Arsene Wenger plays the sympathy card

14 December 2008 07:34
Arsene Wenger believes that encouragement and a consoling arm is what his young team need more than anything else but it's a harsh, unforgiving, world – just ask Emmanuel Eboue – and the Arsenal players need a forceful reminder that they must do better.

Heading the queue that should assemble outside the manager's office on Monday to receive the stick rather than the carrot, stands Robin van Persie. The Dutchman had four acceptable chances to add to Emmanuel Adebayor's opening goal and place Arsenal's title prospects in considerably better order, but failed to take a single one.

So, for the fifth time in eight league outings, Arsenal failed to win and while Liverpool and Manchester United were unable to capitalise, Aston Villa overtook Arsenal as the elitists became a group of five.

Wenger was not in a crack-the-whip mood, as he put it: "We are a young team under pressure and at the moment they need encouragement more than anything else. Champions are those who go when everybody stops. Nobody believes in us but we want to show we can keep going."

Liverpool's visit on Sunday offers a chance to reignite their campaign and by the law of their inconsistent season it's a game Arsenal – who saw off Manchester United and Chelsea against the odds – will win.

"We have dropped another two points and we are all disappointed," Adebayor said. "We just want to try to keep our dreams alive. We have Liverpool next and if we can get everything working together we've a great chance to beat them. Whatever we have done against Chelsea and United, it's happened. It's all about the next game."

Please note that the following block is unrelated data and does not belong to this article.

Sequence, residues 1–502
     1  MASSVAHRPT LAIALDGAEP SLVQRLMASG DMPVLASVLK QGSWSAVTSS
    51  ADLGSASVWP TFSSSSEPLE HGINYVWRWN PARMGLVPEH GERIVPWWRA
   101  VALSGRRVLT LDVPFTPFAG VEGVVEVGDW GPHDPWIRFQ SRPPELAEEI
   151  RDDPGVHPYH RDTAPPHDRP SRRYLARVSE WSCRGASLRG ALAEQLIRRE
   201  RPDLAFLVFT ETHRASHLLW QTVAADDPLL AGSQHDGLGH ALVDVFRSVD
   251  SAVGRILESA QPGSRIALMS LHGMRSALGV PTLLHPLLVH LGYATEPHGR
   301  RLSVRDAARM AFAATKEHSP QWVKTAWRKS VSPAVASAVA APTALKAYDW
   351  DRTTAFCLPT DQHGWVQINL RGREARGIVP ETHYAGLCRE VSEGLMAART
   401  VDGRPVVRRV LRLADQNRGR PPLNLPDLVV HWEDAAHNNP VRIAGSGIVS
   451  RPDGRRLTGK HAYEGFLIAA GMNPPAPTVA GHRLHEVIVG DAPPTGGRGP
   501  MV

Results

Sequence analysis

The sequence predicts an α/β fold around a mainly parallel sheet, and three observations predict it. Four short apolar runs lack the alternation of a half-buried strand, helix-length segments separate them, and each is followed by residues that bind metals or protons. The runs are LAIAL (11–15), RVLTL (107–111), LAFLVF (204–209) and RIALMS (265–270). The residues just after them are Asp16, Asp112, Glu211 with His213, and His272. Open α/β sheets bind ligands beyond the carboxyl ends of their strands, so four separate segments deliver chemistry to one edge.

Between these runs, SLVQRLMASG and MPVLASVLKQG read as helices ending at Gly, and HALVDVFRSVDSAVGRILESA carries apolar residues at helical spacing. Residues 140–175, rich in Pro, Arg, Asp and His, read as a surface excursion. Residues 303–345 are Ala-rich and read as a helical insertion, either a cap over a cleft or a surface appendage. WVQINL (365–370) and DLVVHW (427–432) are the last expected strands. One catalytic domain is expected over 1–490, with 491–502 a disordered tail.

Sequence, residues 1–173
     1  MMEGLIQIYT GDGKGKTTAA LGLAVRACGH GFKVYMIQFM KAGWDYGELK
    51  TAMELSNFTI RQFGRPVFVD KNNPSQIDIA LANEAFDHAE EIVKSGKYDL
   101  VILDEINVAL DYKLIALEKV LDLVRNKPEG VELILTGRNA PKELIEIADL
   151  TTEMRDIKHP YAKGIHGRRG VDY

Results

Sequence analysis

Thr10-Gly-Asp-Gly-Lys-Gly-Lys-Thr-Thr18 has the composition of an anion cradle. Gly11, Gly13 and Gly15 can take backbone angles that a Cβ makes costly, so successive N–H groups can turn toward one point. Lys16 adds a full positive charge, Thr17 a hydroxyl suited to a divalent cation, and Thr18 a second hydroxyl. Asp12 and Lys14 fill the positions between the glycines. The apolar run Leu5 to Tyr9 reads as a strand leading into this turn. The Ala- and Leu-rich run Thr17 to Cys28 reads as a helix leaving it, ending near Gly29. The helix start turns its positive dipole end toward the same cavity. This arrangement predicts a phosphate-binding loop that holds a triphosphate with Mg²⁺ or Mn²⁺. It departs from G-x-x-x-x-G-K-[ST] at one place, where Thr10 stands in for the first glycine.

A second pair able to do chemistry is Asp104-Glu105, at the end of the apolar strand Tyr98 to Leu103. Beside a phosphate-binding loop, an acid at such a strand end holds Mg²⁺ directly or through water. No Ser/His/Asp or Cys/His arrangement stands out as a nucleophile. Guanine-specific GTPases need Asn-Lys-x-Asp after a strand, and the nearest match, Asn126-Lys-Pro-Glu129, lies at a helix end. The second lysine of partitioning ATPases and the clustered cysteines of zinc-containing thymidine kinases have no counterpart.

When a dozy defence invited him to apply a simple scoring header to Cesc Fabregas' corner, Arsenal slipped into dominant mode and treated the Riverside to flashes of their one-touch brilliance. Out of the blue came a stunning equaliser from Jeremie Aliadiere, a former Wenger prodigy, who stooped to direct Tuncay Sanli's fizzer of a first-time cross past Manuel Almunia in a blur of high-class action.

Boro manager Gareth Southgate praised a patched-up defence for their commitment and remained upbeat despite the fact his team were robbed of a penalty when Gael Clichy tripped Adam Johnson, an inexplicable oversight from referee Peter Walton. "We don't complain about these things but I'm not sure it's a policy that is doing us any good," he mused.

Source: Telegraph